Juneteenth, a once-obscure commemoration of emancipation of enslaved people in Texas, has transformed into an annual reminder about how slavery robbed Black Americans of generational wealth.
Why it matters: That lack of generational wealth still denies Black families the economic security that many white families take for granted.
- The ongoing disparities can be directly linked to the legacy of slavery and Jim Crow, says Shawn Rochester, author of The Black Tax: The Cost of Being Black in America.
By the numbers: Around $50 trillion of economic resources and labor has not been paid to Black people since slavery, Rochester told Axios. Advocates say this legacy of slavery must be addressed to tackle systemic racism.
- By the end of 2020, the homeownership rate for Black families stood around 44%, compared with 75% for white families, U.S. Census numbers showed.
- A Washington Post analysis found that a typical middle-class black household had $13,024 in wealth, compared to $149,703 for the median white household in 2016 — a larger percentage gap than in 1968.
- Black households had $8,762 in cash or equivalent liquid assets, compared with $49,529 for white households in 2016, an Economic Policy Institute analysis of government data found.
Context: In the 1800s, the U.S. became an economic power because of the use of enslaved labor in the growing cotton industry.
- Enslaved Black people built the Capitol building, the White House, roads and infrastructure, and various universities across the country with little to no compensation.
- The selling of enslaved people also financed universities like Georgetown.
- By 1860, the value of the enslaved people was “roughly three times greater than the total amount invested in banks,” and it was “equal to about seven times the total value of all currency in circulation in the country," Steven Deyle wrote in Carry Me Back: The Domestic Slave Trade in American Life.
Right before emancipation, Black Americans — free and enslaved — owned only one-half of 1% of the national wealth.
- In the decades after slavery, Black Americans were often banned from buying property, limited in pursuing legal claims, prevented from voting, and banished to segregated schools.
- Successful Black businesses thrived in enclaves like Tulsa, Okla., and East St. Louis, Ill., only to be destroyed by white mobs. Those business owners that had insured their enterprises were unable to collect on their premiums.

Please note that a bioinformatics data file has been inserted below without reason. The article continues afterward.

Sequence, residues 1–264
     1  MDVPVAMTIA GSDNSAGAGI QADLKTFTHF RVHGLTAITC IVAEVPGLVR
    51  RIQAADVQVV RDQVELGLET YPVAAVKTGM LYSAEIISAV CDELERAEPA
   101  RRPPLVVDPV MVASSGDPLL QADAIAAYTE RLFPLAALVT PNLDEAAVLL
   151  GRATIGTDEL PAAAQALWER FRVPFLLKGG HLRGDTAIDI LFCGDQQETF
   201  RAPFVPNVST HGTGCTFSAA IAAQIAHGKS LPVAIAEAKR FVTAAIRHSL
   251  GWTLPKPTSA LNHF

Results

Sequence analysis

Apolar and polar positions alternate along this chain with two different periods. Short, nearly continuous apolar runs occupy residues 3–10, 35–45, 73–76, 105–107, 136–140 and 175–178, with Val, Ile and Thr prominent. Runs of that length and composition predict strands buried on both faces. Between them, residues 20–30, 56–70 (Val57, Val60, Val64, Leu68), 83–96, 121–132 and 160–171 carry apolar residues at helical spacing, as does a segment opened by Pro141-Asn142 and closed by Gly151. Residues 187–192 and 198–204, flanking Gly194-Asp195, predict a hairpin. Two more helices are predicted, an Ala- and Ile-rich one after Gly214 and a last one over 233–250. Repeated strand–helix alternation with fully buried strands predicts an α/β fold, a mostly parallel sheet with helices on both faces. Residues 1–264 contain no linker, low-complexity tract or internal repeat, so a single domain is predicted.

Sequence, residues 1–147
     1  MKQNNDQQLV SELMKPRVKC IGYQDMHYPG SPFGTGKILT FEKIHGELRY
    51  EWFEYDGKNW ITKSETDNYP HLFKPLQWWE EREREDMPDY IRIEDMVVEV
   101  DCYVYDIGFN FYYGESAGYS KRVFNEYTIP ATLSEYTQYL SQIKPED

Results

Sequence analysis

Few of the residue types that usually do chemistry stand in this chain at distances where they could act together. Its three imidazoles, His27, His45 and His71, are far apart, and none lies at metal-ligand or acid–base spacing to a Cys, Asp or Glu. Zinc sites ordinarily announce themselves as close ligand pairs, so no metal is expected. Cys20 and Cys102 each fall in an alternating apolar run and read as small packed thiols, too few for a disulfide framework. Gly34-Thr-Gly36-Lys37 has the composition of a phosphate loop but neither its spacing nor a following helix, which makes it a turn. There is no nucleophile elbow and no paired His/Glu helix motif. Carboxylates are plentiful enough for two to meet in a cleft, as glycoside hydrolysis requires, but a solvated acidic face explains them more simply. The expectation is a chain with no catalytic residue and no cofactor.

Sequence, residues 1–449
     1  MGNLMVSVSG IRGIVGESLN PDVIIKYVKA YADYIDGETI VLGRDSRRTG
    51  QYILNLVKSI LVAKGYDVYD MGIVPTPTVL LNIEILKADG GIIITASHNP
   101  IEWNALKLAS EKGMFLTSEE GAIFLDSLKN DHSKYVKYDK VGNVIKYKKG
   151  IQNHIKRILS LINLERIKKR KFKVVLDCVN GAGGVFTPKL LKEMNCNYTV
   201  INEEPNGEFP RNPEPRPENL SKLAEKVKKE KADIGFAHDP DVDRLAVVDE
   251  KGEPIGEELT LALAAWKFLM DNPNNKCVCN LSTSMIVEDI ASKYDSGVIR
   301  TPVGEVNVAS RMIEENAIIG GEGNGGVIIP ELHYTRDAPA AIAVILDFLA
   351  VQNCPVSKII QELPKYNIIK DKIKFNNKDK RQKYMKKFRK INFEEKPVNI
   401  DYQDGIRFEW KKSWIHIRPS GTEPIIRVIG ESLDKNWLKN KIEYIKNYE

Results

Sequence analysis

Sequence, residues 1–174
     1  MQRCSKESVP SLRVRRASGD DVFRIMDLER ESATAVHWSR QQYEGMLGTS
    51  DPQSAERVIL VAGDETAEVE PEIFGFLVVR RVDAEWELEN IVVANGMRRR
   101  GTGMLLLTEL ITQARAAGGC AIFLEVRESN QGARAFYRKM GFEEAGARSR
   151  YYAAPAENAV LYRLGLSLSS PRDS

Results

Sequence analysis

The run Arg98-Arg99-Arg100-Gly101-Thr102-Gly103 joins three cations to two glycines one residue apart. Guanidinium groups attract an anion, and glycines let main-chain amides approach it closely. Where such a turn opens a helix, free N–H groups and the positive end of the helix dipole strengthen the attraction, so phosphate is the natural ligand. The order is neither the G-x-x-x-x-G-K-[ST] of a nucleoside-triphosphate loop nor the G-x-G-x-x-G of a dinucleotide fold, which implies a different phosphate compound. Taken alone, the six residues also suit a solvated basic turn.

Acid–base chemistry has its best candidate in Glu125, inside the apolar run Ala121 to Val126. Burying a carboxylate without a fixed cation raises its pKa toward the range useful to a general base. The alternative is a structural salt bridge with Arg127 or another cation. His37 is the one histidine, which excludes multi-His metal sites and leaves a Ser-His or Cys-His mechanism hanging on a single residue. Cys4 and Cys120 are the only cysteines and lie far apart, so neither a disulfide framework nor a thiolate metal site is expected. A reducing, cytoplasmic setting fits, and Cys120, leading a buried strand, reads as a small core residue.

Driving the news: The death of George Floyd last year forced a national reckoning on social justice, and this year more Juneteenth events are coinciding with forums on how the nation financially benefited from enslaved Black lives, and how the labor of all people of color came to valued less than their white counterparts.
- The Movement for Black Lives is using Juneteenth celebrations to discuss reparations as a means to build wealth andaddress racial disparities in education, housing, and business ownership.
- Georgetown Law School's Institute of International Economic Law and the Black Economic Alliance hosted members of Congress this week at a Juneteenth forum on including Black Americans in the digital economy.
- And the McKinsey Global Institute and the McKinsey Institute for Black Economic Mobility this week released a report that detailed Black economic participation in the U.S. economy and disparities that remain after generations of exclusion.
The intrigue: A focus on the economic effects of slavery and segregation comes as Republican-controlled legislatures are passing bills that prohibit schools from studying systemic racism as part of the U.S. legal framework, an area known ascritical race theory.
Don't forget: For years, Juneteenth has been celebrated in Houston and Galveston, Texas, to commemorate General Order No. 3, issued by U.S. Major General Gordon Granger a month after the formal end ofthe Civil War.
- Galveston one of the last places in the U.S. where enslaved people learned of their emancipation.